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US Foreign Policy: Realists and Idealists
WAISer realists and idealists disagree so strongly that I have had to delete unWAIS remarks from the long messages of which I post the essential sections. John Wonder is a realist. He says: "Do you think any elements of the liberal media in the U.S. or elsewhere would pay any attention to realists like Cameron Sawyer? They are sold on their Weltanschauung and would never abandon it, regardless of the real world. We are really in an Alice-in-Wonderland mode where the Red Queen can say "A word means what I say it means".
This is an old story. Many well known people, including Bernard Shaw and H.G. Wells, as well as a number of prominent journalists, went to the Soviet Union and on their return most proclaimed "I have seen the future and it works!". At home, angry Americans who had never been to the Soviet Union denounced these reports out of hand. One must conclude that in most cases both sides were expressing their wishes rather than reality.
There was an excellent example of this yesterday in Washington at a meeting sponsored mainly by the Catholic organization Pax Christi. dealing with "Terrorism, Security and Budget Priorities" The four speakers represented different traditions. A black Muslim, Brahim Ramsey of the Muslim Peace Fellowship, surprised me. I thought all black Muslims ranted crazily, but he spoke calmly and reasonably, with a good command of facts. The others were equally good: Sister Kathleen Pruitt, president of the Leadership Conference for Women Religious, Rabbi Haim Dor Belick of the Interfaith Communities United for Justice and Peace, and Bishop C. Joseph Springue of the Chicago Area United Methodist Church. It was a splendid example of the ecumenical spirit.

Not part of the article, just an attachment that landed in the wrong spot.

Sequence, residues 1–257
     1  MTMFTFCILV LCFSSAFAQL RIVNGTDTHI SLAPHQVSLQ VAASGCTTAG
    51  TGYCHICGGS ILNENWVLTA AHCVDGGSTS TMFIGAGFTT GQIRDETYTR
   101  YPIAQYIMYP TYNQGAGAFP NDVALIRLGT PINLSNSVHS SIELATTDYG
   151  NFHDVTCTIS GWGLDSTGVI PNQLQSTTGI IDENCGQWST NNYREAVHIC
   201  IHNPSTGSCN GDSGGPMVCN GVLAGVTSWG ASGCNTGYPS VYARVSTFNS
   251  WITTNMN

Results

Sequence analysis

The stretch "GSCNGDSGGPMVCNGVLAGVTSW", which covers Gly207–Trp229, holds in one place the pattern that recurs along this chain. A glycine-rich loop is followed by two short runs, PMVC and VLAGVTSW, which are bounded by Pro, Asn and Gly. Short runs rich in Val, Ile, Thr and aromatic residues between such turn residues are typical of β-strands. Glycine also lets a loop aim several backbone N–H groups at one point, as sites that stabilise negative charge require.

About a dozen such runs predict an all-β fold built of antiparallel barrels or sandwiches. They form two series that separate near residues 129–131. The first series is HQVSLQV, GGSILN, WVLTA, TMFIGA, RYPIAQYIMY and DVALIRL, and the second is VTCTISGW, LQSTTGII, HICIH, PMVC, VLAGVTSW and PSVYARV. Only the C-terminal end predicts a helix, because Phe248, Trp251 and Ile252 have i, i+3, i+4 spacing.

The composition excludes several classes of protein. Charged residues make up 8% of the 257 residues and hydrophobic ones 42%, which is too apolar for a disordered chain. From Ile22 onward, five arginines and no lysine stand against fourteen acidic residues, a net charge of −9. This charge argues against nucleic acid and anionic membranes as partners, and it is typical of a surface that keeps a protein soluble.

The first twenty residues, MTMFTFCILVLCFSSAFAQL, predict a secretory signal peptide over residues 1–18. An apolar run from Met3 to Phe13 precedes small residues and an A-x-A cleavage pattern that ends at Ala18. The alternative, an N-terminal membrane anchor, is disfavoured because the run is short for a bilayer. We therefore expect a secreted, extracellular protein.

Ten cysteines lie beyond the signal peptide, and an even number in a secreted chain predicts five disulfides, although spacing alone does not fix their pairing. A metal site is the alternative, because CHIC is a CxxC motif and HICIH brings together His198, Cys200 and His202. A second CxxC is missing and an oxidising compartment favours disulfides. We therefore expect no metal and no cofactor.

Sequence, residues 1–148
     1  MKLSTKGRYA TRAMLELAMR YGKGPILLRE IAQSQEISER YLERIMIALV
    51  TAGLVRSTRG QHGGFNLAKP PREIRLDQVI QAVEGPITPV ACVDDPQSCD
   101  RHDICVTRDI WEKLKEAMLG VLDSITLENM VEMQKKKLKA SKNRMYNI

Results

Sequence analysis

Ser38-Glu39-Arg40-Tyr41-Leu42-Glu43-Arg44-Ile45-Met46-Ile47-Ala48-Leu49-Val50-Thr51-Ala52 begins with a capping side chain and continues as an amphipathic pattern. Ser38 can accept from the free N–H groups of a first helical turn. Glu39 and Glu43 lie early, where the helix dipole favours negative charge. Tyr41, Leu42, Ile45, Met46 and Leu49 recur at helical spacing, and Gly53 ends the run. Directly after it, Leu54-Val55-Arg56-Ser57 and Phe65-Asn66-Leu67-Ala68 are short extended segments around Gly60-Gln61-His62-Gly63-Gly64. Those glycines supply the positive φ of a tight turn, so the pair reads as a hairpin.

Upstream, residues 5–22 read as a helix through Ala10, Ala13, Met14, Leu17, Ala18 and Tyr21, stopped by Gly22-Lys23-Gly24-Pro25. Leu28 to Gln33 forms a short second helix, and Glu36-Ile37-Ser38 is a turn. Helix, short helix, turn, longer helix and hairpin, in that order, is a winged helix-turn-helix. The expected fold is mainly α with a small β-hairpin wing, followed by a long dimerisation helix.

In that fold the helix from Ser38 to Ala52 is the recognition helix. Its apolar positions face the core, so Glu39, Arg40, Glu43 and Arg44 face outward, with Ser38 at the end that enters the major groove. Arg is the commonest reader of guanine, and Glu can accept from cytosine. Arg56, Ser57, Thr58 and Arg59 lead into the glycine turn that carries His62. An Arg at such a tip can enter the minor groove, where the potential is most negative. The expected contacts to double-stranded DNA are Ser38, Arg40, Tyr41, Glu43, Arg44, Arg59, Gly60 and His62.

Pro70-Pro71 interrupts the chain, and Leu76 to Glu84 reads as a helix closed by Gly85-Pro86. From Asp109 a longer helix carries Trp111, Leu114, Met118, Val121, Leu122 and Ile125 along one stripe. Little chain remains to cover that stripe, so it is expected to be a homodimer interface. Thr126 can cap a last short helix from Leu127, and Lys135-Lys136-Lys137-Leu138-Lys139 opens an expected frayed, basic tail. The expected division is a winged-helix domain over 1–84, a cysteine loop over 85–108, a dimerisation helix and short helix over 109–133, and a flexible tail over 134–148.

There were two main themes. The first was social justice, a key element of Catholic policy. Each recited the sufferings of the poor in their area and accused the Us government of cutting down services for them while spending billions on the industrial-military complex. The other theme was the concept of "just war"; there have obviously been heated debates, especially among Catholics, as to whether the US operation in Afghanistan qualifies as a just war. The consensus was that it does not.
However admirable the whole group was, the discussion left me with an uneasy feeling. The attacks of 9/11 were condemned, but the stress was on the lack of proportionality of the US response (that being one of the five points in the just war theory). If the ecumenical spirit of this meeting spread across the world, humanity's wars would be largely solved, but if this epiphany of the Holy Ghost does not appear, such peace does not stand a ghost of a chance. These idealists seemed to be living in a dream world; a beautiful dream, but a dream.
Ronald Hilton - 3/17/02